Perkins Loan—Subsidized loan of up to $5,500 a year made to a student with financial need by a college, using funds received from the federal government. No interest accrues on the account until after the student graduates, and repayment begins nine months after graduation. Completing the FAFSA is an eligibility requirement. Colleges usually award these loans on a first-come, first-served basis, giving them to students with the greatest financial need.
Planning Phase—The first part of Financial Fit, in which families assess their affordability and discuss that with their student, as well as understanding the Financial Fit college categories and using colleges’ online net price calculators to determine affordability. This phase also includes considering the community college and commuting options to lower costs, and narrowing down the list of colleges under consideration.
PLUS Loan (Parent Loan to Undergraduate Students)—A federal loan option available to parents to help pay for college. The parent, not the student, is responsible for repaying this type of loan, which is not based on financial need. Repayment starts immediately, as does the accrual of interest on the loan. The PLUS loan should not be included as a type of financial aid when determining net price.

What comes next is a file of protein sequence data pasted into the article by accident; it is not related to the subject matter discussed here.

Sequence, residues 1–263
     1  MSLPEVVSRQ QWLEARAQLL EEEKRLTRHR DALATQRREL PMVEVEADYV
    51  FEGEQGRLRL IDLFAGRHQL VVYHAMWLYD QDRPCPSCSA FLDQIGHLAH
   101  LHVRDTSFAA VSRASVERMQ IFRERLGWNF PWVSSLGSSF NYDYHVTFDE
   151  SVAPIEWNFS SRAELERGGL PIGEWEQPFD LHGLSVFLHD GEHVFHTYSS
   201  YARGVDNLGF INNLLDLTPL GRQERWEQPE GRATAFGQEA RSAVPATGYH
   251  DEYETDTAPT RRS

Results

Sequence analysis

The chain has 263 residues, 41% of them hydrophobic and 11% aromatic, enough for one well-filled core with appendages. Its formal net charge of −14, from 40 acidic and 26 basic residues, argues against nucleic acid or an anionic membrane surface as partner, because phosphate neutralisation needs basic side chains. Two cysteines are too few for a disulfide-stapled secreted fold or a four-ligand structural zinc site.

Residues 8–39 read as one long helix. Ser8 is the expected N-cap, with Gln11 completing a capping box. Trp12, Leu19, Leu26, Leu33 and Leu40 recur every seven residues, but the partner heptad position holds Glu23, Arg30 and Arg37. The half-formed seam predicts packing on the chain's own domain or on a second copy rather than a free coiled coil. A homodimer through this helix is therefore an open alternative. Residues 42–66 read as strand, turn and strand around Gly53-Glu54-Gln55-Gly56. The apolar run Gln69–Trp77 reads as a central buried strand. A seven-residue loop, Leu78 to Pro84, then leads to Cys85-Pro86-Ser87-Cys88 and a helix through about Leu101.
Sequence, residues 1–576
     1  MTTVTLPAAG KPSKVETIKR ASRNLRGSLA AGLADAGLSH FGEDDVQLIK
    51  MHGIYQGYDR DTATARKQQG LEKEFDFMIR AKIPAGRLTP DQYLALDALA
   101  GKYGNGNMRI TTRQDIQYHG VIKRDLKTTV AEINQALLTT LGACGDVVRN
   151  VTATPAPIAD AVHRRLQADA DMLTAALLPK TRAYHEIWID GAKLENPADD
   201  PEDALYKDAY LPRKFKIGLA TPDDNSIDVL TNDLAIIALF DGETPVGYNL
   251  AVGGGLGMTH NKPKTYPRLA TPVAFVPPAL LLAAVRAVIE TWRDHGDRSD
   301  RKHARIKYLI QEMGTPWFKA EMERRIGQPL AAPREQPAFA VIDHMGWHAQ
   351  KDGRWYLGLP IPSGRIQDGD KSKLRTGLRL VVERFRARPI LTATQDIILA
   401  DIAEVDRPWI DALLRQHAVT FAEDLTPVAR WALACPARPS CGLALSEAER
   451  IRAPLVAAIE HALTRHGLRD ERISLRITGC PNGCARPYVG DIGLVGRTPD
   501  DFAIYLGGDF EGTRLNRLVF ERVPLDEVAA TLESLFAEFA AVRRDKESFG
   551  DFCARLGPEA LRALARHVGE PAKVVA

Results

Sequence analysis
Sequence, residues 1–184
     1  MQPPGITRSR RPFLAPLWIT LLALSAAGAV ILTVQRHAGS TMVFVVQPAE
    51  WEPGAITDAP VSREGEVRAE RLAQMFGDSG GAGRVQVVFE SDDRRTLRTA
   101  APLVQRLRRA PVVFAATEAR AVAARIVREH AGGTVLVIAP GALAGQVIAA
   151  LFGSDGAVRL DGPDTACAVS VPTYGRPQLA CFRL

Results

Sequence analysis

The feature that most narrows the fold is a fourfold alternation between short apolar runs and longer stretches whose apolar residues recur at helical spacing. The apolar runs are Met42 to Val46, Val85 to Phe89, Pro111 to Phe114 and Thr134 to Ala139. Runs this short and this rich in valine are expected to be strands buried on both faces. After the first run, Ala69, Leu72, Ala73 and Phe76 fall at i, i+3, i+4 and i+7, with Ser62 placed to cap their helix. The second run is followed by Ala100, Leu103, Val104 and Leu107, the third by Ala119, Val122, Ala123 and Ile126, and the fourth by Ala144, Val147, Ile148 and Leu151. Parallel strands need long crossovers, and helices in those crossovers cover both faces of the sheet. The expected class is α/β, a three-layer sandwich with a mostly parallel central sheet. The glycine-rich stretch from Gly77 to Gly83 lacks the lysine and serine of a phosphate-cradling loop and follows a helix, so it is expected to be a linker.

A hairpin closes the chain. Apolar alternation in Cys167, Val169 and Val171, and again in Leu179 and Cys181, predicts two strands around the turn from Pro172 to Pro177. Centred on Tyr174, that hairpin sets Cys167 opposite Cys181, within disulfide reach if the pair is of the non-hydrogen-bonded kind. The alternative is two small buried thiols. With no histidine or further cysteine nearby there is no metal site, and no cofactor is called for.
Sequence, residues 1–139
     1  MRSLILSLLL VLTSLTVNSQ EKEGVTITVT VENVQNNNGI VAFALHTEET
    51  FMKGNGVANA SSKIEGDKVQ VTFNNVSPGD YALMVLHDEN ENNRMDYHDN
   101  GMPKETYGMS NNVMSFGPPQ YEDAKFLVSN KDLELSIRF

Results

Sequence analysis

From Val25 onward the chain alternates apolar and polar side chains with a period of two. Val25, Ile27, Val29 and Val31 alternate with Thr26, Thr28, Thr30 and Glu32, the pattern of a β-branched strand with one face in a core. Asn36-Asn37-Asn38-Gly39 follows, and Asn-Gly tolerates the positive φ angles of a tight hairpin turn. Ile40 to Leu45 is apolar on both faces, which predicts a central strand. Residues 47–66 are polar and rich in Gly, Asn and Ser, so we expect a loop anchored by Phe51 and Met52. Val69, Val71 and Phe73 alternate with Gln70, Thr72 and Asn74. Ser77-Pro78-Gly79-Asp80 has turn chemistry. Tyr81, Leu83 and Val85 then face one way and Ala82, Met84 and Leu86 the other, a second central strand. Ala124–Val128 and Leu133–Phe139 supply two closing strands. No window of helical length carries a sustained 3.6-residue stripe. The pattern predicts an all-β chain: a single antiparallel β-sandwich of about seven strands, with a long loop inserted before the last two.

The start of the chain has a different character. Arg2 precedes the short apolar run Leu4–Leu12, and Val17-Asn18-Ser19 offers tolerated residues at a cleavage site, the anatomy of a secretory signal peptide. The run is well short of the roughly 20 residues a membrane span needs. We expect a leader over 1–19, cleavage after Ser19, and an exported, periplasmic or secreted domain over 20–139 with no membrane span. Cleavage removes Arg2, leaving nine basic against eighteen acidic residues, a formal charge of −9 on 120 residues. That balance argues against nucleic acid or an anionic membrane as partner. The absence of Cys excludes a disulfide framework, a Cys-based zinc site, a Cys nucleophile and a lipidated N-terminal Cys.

Prepaid tuition plan (Section 529)—Tax-free college saving plan that allows parents to lock in future tuition rates at in-state private colleges at current prices. Named after Section 529 of the Internal Revenue Code.
Private college—A college that is not part of a public college system that receives funding from the state. (See also private school, one of the Financial Fit college categories of colleges.)
Private education loan (or alternative student loan)—Loan offered by a bank or other financial institution, not the federal government. These loans are not based on need, not subsidized, and more expensive than federal loans. While technically student loans, private education loans require a good credit history, which generally means a parent co-signer who will be held responsible for repaying the loan.